The IRS contends that the deed violates the proceeds regulation because it provides that the portion of proceeds required to be allocated to the donee in the event of an extinguishment shall be reduced by the value of improvements to the land made by Red Oak after the grant of the easement.

Key Issues:

  • Whether the charitable contribution deductions related to conservation easements should be recognized.
  • Whether the extinguishment clause in Red Oak’s deed of conservation easement violates the requirements of section 1.170A-14(g)(6)(ii), Income Tax Regs.

Primary Holdings

  • The Court granted the IRS’s Motion for Summary Judgment, holding, that the deed failed to satisfy the “protected in perpetuity” requirement.
  • Substantial compliance is not a defense available to a taxpayer in this context; instead, strict compliance is necessary.

Key Points of Law:

  • The Code generally restricts a taxpayer’s charitable contribution deduction for the donation of “an interest in property which consists of less than the taxpayer’s entire interest in such property.” Sec. 170(f)(3)(A). But there is an exception for a “qualified conservation contribution.” Sec. 170(f)(3)(B)(iii), (h)(1). For the donation of an easement to be a “qualified conservation contribution,” the conservation purpose must be “protected in perpetuity.” Sec. 170(h)(5)(A).
  • The regulations recognize that “a subsequent unexpected change in the conditions surrounding the property that is the subject of a donation . . . can make impossible or impractical the continued use of the property for conservation purposes.” Id. subdiv. (i). Despite that possibility, “the conservation purpose can nonetheless be treated as protected in perpetuity if the restrictions are extinguished by judicial proceeding” and the easement deed ensures that the charitable donee, following sale of the property, will receive a proportionate share of the proceeds and use those proceeds consistently with the conservation purposes underlying the original gift. Ibid. In effect, the “perpetuity” requirement is deemed satisfied be- cause the sale proceeds replace the easement as an asset deployed by the donee “exclusively for conservation purposes.” Sec. 170(h)(5)(A).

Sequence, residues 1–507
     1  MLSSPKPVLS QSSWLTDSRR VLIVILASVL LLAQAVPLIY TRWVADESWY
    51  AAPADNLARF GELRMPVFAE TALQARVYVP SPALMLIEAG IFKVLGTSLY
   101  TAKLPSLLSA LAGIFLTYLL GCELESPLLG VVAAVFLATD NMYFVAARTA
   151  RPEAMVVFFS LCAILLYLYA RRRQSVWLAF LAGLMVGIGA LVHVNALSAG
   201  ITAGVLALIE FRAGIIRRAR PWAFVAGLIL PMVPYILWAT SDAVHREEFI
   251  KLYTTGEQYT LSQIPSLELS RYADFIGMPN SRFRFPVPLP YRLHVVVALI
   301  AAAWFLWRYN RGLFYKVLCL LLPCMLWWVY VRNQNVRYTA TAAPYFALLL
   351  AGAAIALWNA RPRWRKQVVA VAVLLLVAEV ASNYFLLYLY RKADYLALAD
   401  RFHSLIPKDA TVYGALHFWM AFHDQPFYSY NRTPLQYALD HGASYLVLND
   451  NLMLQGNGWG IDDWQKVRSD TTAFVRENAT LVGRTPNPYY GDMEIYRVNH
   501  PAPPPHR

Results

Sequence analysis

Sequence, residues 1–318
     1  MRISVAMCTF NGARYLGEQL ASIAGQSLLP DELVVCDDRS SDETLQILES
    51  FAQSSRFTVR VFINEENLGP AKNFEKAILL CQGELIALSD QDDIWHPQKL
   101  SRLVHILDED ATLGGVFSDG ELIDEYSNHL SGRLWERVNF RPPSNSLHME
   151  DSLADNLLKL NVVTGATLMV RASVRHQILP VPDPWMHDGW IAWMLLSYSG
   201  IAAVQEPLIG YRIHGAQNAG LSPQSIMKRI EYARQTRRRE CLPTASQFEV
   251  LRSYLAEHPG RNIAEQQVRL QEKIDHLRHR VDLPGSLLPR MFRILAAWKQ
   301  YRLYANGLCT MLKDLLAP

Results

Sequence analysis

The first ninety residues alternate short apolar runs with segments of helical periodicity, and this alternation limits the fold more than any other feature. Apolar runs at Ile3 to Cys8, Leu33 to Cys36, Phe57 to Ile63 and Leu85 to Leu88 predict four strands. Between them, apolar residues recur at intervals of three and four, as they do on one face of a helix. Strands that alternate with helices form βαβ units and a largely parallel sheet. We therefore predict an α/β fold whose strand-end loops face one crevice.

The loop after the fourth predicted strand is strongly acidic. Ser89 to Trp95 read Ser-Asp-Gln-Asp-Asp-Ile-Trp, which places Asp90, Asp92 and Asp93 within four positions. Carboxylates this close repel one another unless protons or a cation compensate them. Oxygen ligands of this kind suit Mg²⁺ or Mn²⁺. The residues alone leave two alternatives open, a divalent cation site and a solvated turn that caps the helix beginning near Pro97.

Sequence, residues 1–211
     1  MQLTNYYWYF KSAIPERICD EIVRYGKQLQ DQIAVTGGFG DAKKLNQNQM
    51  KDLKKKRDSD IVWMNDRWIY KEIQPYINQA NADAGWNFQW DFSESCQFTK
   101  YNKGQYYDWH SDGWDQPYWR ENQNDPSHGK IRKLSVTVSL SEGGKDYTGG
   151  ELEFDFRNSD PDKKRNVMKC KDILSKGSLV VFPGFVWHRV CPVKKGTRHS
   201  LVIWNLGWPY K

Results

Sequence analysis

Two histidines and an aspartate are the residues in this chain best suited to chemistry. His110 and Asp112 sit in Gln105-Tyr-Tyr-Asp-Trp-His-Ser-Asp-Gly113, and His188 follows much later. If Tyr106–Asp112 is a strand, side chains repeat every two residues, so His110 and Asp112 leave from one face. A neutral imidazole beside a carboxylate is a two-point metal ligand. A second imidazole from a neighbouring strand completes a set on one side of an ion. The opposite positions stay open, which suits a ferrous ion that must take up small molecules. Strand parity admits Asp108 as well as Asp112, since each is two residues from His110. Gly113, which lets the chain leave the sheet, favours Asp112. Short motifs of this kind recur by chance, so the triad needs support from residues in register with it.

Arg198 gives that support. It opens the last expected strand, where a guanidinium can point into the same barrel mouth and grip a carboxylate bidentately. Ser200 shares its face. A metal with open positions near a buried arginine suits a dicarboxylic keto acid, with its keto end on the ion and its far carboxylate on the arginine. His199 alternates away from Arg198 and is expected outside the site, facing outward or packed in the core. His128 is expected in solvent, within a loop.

• To meet the requirements of section 1.170A-14(g)(6)(ii), Income Tax Regs. (proceeds regulation), the deed must guarantee that the donee will receive “a proportionate share of extinguishment proceeds”.
  • Deductions are a matter of legislative grace, and a taxpayer must prove its entitlement to the deductions it claims. INDOPCO, Inc. v. Commissioner, 503 U.S. 79, 84 (1992). To be entitled to a deduction for the donation of a conservation easement, the donor must ensure that the donation “gives rise to a property right, immediately vested in the donee organization,” to receive a proportionate share of the proceeds of any post-extinguishment sale. Sec. 1.170A- 14(g)(6)(ii), Income Tax Regs.
  • A donor must show strict, and not substantial, compliance with the perpetuity requirements of the regulation.